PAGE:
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Bai Tu Long Bay

Beyond busy Halong are the quiet waters of Bai Tu Long Bay

In the Gulf of Tonkin, 175km east of Hanoi, lies the UNESCO World Heritage Site, Halong Bay. 25,000 years ago this landscape was deep below a prehistoric ocean that receded over time to leave a breathtakingly beautiful passage of 1600 small islands and a biodiverse ecosystem.

As you paddle through the mystical seascape limestone pillars, laced with caves, ascend from deep jade waters, the colours ever changing under the sun's soft light and delicately clouded skies. And each island whispers its own story on the breeze.

Stories are the heart of Halong. According to legend, a family of dragon was sent by Ngoc Hoang (the King of Heaven) to protect the Vietnamese people from invaders. They spat jewels of jade into the sea, creating a protective wall of karsts. Halong means "descending dragon bay" with Halong being where the mother dragon descended and Bai Tu Long where her children descended.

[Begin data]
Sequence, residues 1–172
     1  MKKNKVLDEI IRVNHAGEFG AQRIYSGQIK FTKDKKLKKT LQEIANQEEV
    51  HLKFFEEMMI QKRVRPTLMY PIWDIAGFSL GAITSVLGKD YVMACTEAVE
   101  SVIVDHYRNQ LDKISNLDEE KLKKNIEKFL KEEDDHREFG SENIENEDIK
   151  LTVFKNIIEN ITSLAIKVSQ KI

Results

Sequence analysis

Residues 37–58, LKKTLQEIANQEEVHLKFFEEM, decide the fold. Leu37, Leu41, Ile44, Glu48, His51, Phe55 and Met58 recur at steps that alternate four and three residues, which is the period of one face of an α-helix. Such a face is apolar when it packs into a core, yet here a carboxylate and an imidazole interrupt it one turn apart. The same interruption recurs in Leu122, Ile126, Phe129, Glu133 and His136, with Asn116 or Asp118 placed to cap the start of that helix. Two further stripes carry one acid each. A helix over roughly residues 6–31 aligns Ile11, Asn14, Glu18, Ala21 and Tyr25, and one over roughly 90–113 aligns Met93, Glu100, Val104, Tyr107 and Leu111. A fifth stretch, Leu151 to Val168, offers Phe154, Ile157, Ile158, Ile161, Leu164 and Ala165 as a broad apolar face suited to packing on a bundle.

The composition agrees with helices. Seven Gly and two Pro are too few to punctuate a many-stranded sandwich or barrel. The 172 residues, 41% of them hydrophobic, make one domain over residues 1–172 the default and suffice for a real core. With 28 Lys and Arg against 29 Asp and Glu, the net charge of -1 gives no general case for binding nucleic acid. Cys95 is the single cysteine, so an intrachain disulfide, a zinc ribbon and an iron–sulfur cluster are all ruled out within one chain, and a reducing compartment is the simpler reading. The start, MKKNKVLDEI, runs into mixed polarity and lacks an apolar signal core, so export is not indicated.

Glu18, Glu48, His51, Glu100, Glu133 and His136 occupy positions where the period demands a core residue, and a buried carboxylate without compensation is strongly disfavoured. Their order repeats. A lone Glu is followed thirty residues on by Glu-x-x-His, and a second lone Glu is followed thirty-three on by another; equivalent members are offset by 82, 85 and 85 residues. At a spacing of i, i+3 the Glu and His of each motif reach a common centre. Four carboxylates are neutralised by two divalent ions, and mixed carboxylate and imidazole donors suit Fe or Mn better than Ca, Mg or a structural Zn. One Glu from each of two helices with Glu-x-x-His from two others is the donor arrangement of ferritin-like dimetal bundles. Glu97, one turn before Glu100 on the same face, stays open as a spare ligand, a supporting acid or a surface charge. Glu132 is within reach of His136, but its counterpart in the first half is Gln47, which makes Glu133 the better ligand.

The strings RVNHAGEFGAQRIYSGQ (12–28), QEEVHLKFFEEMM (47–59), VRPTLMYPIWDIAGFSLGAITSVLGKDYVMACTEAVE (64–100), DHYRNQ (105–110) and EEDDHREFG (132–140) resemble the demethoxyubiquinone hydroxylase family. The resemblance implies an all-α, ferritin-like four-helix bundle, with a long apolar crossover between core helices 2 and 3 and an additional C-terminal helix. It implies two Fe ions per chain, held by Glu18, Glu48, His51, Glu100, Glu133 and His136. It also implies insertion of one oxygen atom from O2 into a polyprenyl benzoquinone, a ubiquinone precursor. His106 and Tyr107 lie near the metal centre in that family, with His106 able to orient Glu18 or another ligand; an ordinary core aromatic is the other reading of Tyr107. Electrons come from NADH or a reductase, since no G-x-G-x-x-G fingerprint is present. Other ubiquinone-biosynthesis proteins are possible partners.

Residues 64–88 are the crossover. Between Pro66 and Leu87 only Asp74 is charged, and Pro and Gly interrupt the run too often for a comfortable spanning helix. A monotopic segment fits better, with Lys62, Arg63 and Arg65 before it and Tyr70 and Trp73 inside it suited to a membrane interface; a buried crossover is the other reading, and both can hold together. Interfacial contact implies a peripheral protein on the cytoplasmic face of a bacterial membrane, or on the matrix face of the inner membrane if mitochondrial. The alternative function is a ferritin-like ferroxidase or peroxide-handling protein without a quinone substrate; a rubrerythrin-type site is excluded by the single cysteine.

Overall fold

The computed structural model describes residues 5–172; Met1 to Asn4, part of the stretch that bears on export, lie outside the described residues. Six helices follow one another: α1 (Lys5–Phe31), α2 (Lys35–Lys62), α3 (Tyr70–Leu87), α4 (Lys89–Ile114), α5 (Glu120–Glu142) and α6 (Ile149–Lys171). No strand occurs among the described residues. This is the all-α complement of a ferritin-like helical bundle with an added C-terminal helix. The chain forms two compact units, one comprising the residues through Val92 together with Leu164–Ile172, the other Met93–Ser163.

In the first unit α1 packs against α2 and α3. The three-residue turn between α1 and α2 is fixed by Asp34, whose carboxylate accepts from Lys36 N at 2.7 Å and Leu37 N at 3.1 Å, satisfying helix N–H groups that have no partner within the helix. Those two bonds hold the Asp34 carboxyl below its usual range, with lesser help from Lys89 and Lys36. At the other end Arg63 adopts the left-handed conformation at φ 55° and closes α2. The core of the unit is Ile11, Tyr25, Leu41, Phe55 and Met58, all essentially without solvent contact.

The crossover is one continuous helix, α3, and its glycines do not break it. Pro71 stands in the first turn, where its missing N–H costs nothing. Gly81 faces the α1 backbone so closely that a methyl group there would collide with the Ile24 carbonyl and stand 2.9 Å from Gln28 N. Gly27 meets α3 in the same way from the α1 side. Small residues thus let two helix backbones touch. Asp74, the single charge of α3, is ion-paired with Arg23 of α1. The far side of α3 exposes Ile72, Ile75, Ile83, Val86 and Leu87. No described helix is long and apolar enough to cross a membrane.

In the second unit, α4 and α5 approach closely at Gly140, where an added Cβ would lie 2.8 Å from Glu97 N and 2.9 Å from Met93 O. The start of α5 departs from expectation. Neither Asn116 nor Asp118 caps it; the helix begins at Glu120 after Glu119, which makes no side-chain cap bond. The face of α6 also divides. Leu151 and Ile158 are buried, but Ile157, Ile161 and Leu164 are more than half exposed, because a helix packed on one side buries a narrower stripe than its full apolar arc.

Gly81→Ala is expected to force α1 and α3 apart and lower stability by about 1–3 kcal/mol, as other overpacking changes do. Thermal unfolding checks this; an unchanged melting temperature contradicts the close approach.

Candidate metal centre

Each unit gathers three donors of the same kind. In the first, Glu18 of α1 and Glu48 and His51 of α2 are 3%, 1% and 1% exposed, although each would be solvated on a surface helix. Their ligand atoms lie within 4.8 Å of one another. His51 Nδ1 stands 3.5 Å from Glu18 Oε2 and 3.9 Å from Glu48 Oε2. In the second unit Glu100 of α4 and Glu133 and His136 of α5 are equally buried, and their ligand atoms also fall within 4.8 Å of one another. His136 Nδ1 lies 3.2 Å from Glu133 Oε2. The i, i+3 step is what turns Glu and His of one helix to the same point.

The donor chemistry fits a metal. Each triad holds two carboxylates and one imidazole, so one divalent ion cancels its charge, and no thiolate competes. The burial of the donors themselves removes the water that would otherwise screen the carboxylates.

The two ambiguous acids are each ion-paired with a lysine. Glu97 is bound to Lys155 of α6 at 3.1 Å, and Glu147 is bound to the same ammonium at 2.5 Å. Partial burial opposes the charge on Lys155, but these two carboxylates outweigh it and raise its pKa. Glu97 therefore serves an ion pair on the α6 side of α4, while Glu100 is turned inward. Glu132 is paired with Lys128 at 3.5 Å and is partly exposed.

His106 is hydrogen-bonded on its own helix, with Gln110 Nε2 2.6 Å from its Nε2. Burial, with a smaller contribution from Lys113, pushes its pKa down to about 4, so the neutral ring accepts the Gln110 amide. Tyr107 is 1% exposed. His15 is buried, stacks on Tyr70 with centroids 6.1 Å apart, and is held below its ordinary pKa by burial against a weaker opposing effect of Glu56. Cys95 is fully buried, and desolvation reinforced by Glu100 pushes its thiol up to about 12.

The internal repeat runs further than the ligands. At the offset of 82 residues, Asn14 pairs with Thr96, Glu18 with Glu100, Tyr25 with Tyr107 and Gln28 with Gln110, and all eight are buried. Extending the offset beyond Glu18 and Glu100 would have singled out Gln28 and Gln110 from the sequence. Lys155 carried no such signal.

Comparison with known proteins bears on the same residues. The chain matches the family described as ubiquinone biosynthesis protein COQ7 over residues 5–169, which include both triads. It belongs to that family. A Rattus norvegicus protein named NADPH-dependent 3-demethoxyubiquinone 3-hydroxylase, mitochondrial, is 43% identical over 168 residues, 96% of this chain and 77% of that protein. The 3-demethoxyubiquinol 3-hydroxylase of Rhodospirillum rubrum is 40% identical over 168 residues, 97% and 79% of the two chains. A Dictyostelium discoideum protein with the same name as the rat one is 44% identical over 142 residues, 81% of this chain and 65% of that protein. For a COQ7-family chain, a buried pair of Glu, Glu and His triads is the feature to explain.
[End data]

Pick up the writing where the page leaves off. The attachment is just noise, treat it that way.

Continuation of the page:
Several hundred fishermen and their families still live in the bays, but they may be in need of the dragons' protection yet again. Since the area was made a UNESCO site in 1994, Halong has seen close to 5 million visitors invade the bays annually in the years leading up to the pandemic. Once travel fully resumes again, this may well be exceeded.

In contrast, the further reaches of Bai Tu Long Bay receives only a few thousand visitors. The serene bay is made even more special by the efforts of tourism operators to use more environmentally friendly vessels, land based stays and passive activities.

You can read more about Bai Tu Long Bay's greener travel options : Kast Away in Halong Bay


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